By Eric Paysen Ph.D., Technical Services Manager, Professional Pest Management, Syngenta
The advancement of ant baits has revolutionized ant management. Pest management professionals can now attain high levels of control by taking advantage of the biology of these social pests. Ants share resources through a “social stomach” as they pass nutrients through the colony via trophallaxis. This, combined with the delayed mortality of modern active ingredients (AIs), allows penetration deep within the colony, even reaching the queen and brood.
Ant baits aren’t a silver bullet on their own, especially for many super-colony species, and require a thorough understanding of ant biology. When using ant baits, remember to:
Select a bait ants are currently accepting. The dietary needs of an ant colony vary with seasons and available resources. A bait that’s highly palatable today might have no appeal to an ant colony a few weeks later. Two colonies within close proximity might have different tastes as well.
Apply a test spot. Different ant species specialize in and react differently to food sources. The best way to ensure you’re using the right bait is to apply a test spot. Place a small amount of product in the immediate vicinity of trailing ants to see if they take it immediately. If they investigate the bait but don’t feed or pick it up, revert to plan B.
Stock multiple products. It’s a good practice to have multiple baits available, as each is formulated with different food components and can have varying palatability. It’s also important to know your local ants, their preferences and control with certain products. For example, various fire ant species will show moderate interest in sweet gel baits, but are seldom controlled effectively with them. Fire ant-specific baits like Advion® fire ant bait are formulated for these species, quickly accepted and highly effective.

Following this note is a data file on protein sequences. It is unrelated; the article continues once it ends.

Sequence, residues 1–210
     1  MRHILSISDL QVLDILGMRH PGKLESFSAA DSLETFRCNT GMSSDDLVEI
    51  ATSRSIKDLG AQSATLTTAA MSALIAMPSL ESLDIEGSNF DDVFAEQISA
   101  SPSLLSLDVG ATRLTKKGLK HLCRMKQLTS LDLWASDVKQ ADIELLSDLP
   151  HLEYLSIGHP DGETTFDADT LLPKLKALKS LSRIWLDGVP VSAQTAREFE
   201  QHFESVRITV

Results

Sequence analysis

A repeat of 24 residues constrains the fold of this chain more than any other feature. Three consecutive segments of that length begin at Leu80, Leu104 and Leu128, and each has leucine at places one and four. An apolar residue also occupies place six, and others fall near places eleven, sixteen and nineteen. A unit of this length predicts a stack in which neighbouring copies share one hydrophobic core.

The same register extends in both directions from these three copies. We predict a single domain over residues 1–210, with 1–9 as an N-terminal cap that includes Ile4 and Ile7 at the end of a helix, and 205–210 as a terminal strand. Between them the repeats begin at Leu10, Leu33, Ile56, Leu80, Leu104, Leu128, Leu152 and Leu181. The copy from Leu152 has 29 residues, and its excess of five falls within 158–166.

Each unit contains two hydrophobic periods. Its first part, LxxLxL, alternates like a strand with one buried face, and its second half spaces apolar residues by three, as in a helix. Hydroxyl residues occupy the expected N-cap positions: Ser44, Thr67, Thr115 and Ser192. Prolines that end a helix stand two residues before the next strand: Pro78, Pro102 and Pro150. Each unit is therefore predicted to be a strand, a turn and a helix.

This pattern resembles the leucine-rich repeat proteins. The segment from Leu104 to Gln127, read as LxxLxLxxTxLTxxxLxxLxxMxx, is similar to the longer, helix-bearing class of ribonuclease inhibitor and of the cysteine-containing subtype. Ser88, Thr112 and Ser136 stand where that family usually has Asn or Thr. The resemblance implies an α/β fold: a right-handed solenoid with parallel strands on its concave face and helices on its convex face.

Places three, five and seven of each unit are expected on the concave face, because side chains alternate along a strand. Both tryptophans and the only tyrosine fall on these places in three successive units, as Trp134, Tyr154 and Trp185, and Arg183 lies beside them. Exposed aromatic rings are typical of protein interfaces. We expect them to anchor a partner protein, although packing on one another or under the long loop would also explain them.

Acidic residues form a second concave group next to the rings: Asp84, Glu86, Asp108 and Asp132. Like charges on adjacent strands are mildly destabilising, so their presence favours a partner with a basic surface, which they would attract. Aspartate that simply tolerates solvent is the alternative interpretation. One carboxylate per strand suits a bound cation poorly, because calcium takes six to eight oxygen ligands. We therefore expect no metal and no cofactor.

Bait to scale for the population size and ant species. The primary reason for failing to manage ants with bait is an inadequate amount of product, which is why knowing your species is important. In species with single-queen colonies and only a few thousand workers, small placements (5-10 g) of gel baits can be highly effective, as is the case with rover ant species. With super-colony species like Argentine or crazy ants, more bait is often required. Product labels for gel baits describe small placement sizes (dime-sized or 2-in. lines), but you’re not limited in the amount you can place along active trails when managing large colonies. Remember: only 10% of an ant colony is outside the nest foraging at any given time. A large visible trail is just the tip of the iceberg.
Combine baits with compatible liquid applications. A multifaceted approach can be highly effective when dealing with large ant populations. In addition to baiting, liquid applications can deliver a lethal one-two punch to stubborn species, but it’s important to ensure the applications are compatible. Use products with the same AI, such as combining Optigard® Ant gel bait with a liquid application of Optigard® Flex liquid insecticide, which contain thiamethoxam. In this strategy, ants are eating the AI and crawling through it. The effect is cumulative, allowing lethal AI quantities to quickly penetrate deep within the colony. When you’re making non-repellent liquid applications, ensure ants trail through the application. Ants follow leading edges such as irrigation pipes, mowing curbs and the edges of sidewalks.
Combined with proper expertise, ant baits are essential components of modern management protocols that can help keep ants out of your customers’ lives. For more information about ant control solutions, contact your local Syngenta territory manager.
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